Many expectant mothers suffer from depression or anxiety and need medications to treat their conditions. Unfortunately, quite often they must decide whether it’s best to stop taking drugs such as Effexor to lower the risk of causing birth defects or stay on the treatment to avoid falling farther into the grip of the depression, which may lead to problems that puts both mother and infant in danger of other health issues.
Depression, Anxiety, and Expectant Mothers
Currently, 30 million Americans over the age of 12 are taking medications such as Zoloft, Paxil, and Effexpro to relieve or cure the crippling symptoms of depression or anxiety disorders. A significant number of these people are women who are pregnant.
Quite often, expectant moms have a hard choice to make. Either they stop taking the antidepressant and risk suffering from serious mental and physical complications such as withdrawal symptoms and suicidal urges, or stay on the medication and hope that their infant is born without drug-related birth defects.
Why Expectant Mothers Should Be Wary of Effexor
Venlafaxine, which is marketed under the brand name Effexor, is an antidepressant from the serotonin-norepinephrine reuptake inhibitor (SNRI) family of drugs. It is the sixth most commonly prescribed antidepressant/anxiety disorder medication. It is primarily prescribed to treat major depressive disorder, general anxiety disorder, and other disorders which may accompany bouts of depression. Developed and introduced by Wyeth in the early 1990s, Effexor is currently made and marketed by Pfizer.
As with many antidepressant medications, the Food and Drug Administration (FDA) lists Effexor in the pregnancy-related C-class drug list. Class C drugs have caused negative side effects on test animals that are given high doses during laboratory trials. Since there are ethical restrictions that forbid drug testing on human infants, any adverse effects of Effexor on babies can only be measured by direct medical observations and the incidence of birth defects or other injuries.
Additionally, antidepressants can cause a wide array of side effects in both the expectant mother and her baby. These effects often range from minor headaches to severe suicidal tendencies. The most common side effects pregnant women may experience include:
- Dry mouth
- Panic attacks
- Night sweats
- Weight loss
- Suicidal thoughts
- Serotonin syndrome
Effexor, Miscarriages, and Risks to Infants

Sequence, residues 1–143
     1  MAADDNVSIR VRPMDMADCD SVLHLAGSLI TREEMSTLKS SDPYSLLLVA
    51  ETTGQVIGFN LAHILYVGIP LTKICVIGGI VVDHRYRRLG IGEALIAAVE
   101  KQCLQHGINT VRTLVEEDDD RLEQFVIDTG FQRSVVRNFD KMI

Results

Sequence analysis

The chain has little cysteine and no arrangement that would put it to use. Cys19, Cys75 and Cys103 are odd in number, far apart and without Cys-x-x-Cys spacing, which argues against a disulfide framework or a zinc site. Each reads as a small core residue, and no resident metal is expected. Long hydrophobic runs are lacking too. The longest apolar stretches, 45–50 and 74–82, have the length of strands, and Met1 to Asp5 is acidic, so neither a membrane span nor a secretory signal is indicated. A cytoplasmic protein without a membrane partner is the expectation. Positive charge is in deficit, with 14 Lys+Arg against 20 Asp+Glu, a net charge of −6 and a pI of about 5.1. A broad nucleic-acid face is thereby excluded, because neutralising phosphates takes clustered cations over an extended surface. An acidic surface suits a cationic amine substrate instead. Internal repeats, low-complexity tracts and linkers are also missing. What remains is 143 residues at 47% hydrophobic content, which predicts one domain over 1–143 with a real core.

Presently, there is only a small number of clinical studies of the effects of venlafaxine on pregnant women. However, a 2010 study published by the Canadian Medical Association suggests that Effexor use by expectant mothers doubles the chances of spontaneous abortions (miscarriages). As a result, Effexor should only be taken if it unquestionably needed for the mother’s well-being.
Although Effexor is classified as a SNRI antidepressant and not as a selective serotonin reuptake inhibitor (SSRI) drug, its effects on the body are almost identical to those of Prozac and other SSRIs. As a result, babies born to mothers who were on venlafaxine during pregnancy are at high risk of developing birth defects.
The most common birth defects associated with Effexor and other Class C antidepressants include:
- Anencephaly (a fatal birth defect where parts of a baby’s skull, scalp, and brain are missing)
- Cleft lip
- Cleft palate
- Craniosynostosis (a deformity of the skull that hinders normal brain growth)
- Persistent pulmonary hypertension of the newborn (PPHN)
- Heart defects
- Respiratory problems
- Omphalocele (a defect of the abdominal wall)
Who is Responsible if Effexor Causes Birth Defects?
Most doctors prescribe Effexor to patients who are pregnant or may become pregnant with some reluctance since it is a Class C drug per the FDA’s pregnancy drug category list. Many conscientious physicians counsel their patients on the possible negative effects of antidepressants on expectant mothers and/or their babies both during pregnancy and after birth. In situations where a woman is suffering from extreme depression, both the physician and the patient must choose between taking venlafaxine or coping with the emotional conditions without the medication.
Some doctors, in rare cases, prescribe antidepressants such as Effexor without paying attention to the FDA’s black box warning about possible birth defects. As a result, they do not give their pregnant patients any counseling about the increased risks of miscarriages or various birth defects or neonatal withdrawal symptoms that may result from taking Effexor during pregnancy. If your doctor prescribed venlafaxine without advising you of the known side effects and increased risk of birth defects, the doctor may be liable for damages.
Wyeth, the pharmaceutical company which developed Effexor in 1993, was bought by Pfizer in 2009. Several lawsuits have been filed against Wyeth and its corporate successor Pfizer in the United States over the past few years. The allegations state that Wyeth and Pfizer failed to warn physicians, pharmacists, and patients about the dangers of treating depression in pregnant women with Effexor, including the increased chances of spontaneous abortions or serious birth defects.
In these lawsuits, the companies that make Effexor knew or should have known about the possible risks caused by the SNRI medication, yet issued no warnings to health care professionals or the general public regarding those risks.